I loved being a kid. I was blissfully aware and unaware of just the right things. My parents didn't hide much from me. I watched the Vietnam War on a black-and-white TV, and that's just how it seemed — black and white. Killing was killing, no matter who did it. Play was play, too; I melted army men and didn't think of it as killing, because it wasn't. I didn't overthink anything and I daydreamed about everything. Still do.
My childhood bookshelf was carefully curated. Feel-good picture books never made it past my mom. The Grinch, Brer Rabbit, Piglet—anyone who came with their selfish streak intact was welcome. I'm sure her selections had as much to do with her not wanting to be bored as they did with my character development.
My dad, who didn't have the greatest childhood, marveled at my love of being a kid. He was an artist, the head of a group of commercial artists in Portland, Oregon. He'd come home with the dregs of a big pad of paper and toss it to me like fresh meat to a jackal. I say jackal rather than lion because I've never been boldly voracious. There's always been a skulking, find-a-corner-to-create-in aspect to art, for me.
My mom was an artist too, and my parents certainly had their own critiquing methods: Dad taught me how to draw, accurately, and Mom taught me what to draw, imaginatively. She tried to keep me dreaming after I fell in love with my own ability to draw exactly what I saw. Skill can be a real dream-killer.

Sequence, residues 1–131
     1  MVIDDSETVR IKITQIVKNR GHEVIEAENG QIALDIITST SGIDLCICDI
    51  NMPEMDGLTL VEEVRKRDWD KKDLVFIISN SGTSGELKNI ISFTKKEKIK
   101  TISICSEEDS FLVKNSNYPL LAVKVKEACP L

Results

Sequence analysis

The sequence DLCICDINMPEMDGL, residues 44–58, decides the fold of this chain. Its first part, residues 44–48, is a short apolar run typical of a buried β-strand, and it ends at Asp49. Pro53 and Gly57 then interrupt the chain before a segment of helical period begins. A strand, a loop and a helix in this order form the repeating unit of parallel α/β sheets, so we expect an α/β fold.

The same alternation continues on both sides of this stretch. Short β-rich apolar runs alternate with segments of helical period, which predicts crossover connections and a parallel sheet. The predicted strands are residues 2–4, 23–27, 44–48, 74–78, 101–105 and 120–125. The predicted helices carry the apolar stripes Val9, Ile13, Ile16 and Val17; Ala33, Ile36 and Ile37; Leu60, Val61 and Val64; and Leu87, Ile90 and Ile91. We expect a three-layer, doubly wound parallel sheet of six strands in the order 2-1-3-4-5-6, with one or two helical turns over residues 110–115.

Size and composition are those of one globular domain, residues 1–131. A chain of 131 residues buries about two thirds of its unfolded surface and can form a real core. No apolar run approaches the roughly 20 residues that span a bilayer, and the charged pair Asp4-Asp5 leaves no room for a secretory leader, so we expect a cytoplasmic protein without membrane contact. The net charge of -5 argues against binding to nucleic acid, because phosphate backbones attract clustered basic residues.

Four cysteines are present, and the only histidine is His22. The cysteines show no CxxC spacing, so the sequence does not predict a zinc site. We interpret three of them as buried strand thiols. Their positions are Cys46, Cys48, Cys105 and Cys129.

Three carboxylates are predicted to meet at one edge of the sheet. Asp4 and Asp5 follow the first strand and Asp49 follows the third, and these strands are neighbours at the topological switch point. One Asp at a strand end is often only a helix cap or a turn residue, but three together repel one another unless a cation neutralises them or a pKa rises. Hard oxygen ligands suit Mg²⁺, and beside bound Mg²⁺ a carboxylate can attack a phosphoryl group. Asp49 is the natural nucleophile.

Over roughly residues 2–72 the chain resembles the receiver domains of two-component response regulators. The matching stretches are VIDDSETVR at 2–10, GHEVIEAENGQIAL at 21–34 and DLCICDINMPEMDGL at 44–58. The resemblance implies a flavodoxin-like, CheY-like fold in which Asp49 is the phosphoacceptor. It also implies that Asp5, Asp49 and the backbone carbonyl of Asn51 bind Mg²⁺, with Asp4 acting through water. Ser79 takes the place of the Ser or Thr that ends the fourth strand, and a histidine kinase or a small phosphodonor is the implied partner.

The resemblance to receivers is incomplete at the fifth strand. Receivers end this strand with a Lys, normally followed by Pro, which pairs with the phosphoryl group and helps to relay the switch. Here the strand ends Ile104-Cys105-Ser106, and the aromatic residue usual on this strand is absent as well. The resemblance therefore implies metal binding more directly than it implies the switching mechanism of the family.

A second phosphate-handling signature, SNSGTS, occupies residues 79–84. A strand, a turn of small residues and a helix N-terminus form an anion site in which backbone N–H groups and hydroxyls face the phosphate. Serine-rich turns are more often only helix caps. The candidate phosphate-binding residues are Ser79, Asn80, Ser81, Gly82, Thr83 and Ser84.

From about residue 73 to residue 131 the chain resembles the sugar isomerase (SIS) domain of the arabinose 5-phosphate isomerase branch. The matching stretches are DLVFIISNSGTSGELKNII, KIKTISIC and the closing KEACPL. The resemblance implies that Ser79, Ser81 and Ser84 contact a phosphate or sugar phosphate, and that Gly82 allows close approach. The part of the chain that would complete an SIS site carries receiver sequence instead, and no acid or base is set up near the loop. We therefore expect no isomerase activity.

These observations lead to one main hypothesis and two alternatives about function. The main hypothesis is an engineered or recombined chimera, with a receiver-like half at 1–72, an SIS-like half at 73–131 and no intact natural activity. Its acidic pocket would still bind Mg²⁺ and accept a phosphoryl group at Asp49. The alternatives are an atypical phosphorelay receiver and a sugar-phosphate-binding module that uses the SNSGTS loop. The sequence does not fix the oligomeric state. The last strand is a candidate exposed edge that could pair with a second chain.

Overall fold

What I had to unlearn
Why do most kids stop drawing? Most of us start judging art by how accurately our hands can reproduce an image, after which we either become more skillful or drop it altogether. In my case, I got "better," but almost lost touch with why I liked to draw in the first place. Learning the rules of shading, perspective, etc., made it less fun.
Luckily, I idolized a few cartoonists (Don Martin, Bud Blake, Jeff MacNelly, and later, Bill Watterson), and that got me back to the fun side of art. What made a cartoon funny? It seemed more elusive, and therefore more challenging, than making accurate renderings. Drawing cartoons for my high school paper, and then for the feed store I worked at during art school, kept me excited about art. It wasn't cool to do humorous stuff in art school. Everybody was trying to impress each other with "real" art.
Art school was helpful to me for two reasons: it kept me focused on art during the four most distractible years of my life, and I learned a lot from other students' work. School itself was not that helpful. I remember one teacher who had the guts to rip into (sometimes literally) the work of students when they needed it, but for the most part my instructors were not "tough love" mentors. I ached to have my work skillfully torn to shreds.
Ads that added mad skills